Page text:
1.4.2. State construction and security / 48
1.4.3. State construction and welfare / 52
1.4.4. Political representation / 551.4.5. Intermediate assessments / 58

CHAPTER II - THE POST-CONFLICT RECONSTRUCTION PROCESS IN CONTEMPORARY SOCIETY. POLICIES AND STRATEGIES / 64 
2.1. Introduction / 64 
2.2. Components of the post-conflict reconstruction process / 73
2.3. External actors involved in post-conflict reconstruction / 78
2.3.1. UN / 78
2.3.2. International financial institutions / 81
2.3.2.1. World Bank (WB) / 82
2.3.3. Non - Governmental Organizations (NGOs) / 84
2.3.4. Regional alliances and ad-hoc coalitions / 85
2.4. The evaluation process. Measuring progress in the post-conflict reconstruction process / 90
2.5. Indicators of the progress of post-conflict reconstruction / 95
2.6. The relationship between strategy and politics in post-conflict reconstruction / 103
2.7. Conclusions resulting from previous reconstruction processes / 108

CHAPTER III - CASE STUDY: AFGHANISTAN / 119
3.1. Introduction / 120
3.2. The general framework. Brief presentation of Afghanistan / 122
3.3. The main external actors involved in the reconstruction process / 131
3.3.1. United Nations (UN) / 131
3.3.1.1. Deficient at the UN / 136 level
3.3.1.2. Interim conclusions / 142
3.4. NATO - International Security Assistance Force / 147
3.4.1. General presentation / 147
3.4.2. Provincial Reconstruction Teams (PRT) / 155
3.4.3. Deficient NATO / 161 level 3.4.4. Interim conclusions / 165
3.5 European Union (EU) / 166
3.5.1. Introduction / 166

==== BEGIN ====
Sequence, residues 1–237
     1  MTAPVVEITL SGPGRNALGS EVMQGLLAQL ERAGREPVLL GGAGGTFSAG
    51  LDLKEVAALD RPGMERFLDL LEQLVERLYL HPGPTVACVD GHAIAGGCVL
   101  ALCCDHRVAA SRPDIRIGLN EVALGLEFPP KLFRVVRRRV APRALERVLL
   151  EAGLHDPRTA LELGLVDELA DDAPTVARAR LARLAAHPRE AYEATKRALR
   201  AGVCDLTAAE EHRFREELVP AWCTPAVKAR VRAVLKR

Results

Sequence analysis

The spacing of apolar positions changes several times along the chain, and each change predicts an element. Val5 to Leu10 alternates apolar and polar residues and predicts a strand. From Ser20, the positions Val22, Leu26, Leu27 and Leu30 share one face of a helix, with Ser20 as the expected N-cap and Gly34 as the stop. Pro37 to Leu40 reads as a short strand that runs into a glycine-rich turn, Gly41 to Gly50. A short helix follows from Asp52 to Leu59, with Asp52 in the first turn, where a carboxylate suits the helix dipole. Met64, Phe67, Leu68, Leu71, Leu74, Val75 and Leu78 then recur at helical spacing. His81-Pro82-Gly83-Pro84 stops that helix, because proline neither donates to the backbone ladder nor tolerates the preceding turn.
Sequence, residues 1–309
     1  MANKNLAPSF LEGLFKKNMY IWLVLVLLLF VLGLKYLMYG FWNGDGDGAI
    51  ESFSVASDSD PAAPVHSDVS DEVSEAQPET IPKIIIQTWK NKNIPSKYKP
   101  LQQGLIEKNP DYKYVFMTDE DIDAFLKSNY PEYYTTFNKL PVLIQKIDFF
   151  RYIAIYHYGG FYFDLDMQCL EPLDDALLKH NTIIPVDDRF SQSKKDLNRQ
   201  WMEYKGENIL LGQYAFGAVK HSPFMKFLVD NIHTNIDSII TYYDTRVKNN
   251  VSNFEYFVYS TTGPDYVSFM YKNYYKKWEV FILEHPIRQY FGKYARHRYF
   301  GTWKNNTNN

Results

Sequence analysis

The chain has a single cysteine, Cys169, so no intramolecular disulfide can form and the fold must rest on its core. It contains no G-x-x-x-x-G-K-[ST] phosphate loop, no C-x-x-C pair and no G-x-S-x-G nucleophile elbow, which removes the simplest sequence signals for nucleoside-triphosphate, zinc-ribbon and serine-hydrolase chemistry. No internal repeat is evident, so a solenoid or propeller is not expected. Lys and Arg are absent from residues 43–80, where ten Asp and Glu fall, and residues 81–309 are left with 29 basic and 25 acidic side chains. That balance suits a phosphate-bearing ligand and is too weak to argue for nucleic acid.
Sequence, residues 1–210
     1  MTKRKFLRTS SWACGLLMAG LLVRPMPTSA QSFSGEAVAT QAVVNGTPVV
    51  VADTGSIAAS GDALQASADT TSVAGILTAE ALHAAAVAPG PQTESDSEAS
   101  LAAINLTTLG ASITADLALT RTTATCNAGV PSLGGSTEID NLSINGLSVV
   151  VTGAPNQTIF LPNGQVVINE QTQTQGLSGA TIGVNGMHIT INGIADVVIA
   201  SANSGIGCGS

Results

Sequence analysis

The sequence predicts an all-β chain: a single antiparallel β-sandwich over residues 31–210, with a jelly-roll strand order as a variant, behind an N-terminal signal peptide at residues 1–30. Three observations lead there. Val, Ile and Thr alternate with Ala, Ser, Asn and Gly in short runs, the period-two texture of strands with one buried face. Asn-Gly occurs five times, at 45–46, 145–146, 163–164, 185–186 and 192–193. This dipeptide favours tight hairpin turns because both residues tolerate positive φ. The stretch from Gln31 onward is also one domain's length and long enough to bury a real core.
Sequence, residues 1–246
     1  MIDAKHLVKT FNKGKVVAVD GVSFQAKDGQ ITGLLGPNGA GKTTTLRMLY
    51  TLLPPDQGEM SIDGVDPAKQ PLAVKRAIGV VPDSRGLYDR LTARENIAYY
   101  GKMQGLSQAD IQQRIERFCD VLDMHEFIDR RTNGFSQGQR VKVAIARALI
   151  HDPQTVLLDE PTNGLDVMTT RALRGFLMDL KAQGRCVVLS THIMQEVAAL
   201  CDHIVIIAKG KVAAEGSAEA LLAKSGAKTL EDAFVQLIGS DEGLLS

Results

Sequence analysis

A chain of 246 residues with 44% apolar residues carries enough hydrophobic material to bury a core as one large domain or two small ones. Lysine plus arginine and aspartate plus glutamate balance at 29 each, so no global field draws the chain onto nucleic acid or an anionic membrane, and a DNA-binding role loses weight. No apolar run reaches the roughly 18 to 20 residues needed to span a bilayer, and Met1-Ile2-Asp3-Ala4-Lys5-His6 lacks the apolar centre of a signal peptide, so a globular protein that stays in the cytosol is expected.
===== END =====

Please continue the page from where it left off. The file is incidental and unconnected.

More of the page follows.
3.5.2. Military contribution of the Member States / 169
3.5.3. The fight against narcotics / 171
3.5.4. This policy / 172
3.5.5. Trade relations / 173
3.5.6. Legal framework. Bilateral agreements / 173
3.6. Assessing progress in Afghanistan / 174
3.7. Afghanistan: the most likely scenario of short-medium term evolution / 181


CHAPTER IV - FINAL CONSIDERATIONS AND PROPOSALS FOR IMPROVING THE POST-CONFLICT RECONSTRUCTION PROCESS (FROM AFGHANISTAN) / 188
4.1. General appreciations / 188
4.2. Change of shape / 191
4.2.1. Conceptual basis / 191
4.2.1.1. The planning process / 195
4.2.1.2. Process management / 198
4.2.1.3. Financing / 199
4.3. Change of background (change of mentality) / 201
4.3.1. Conceptual framework / 201
4.3.2. Towards a new role for local Afghan authorities and external actors / 206

CHAPTER V - CONCLUSION / 210

LIST OF ANNEXES / 216

BIBLIOGRAPHY / 223



 

 

Unfortunately, human history is eminently confrontational. Concepts such as "conflict", "crisis" fall into the category of the most used in the universe of international relations. It is considered that conflicts were the engine of history. Thus, obviously, it means that proto-concepts of post-conflict reconstruction should have existed from time immemorial. Relevant, however, are the attempts that led to the drawing up of schools of thought, respectively of some state policies in this field. In fact, as we will further argue, "theorists" and "practitioners" think and propose solutions to the problems of high reconstruction, unfortunately independently and with a fairly limited margin of mutual influence compared to the existing potential and needs.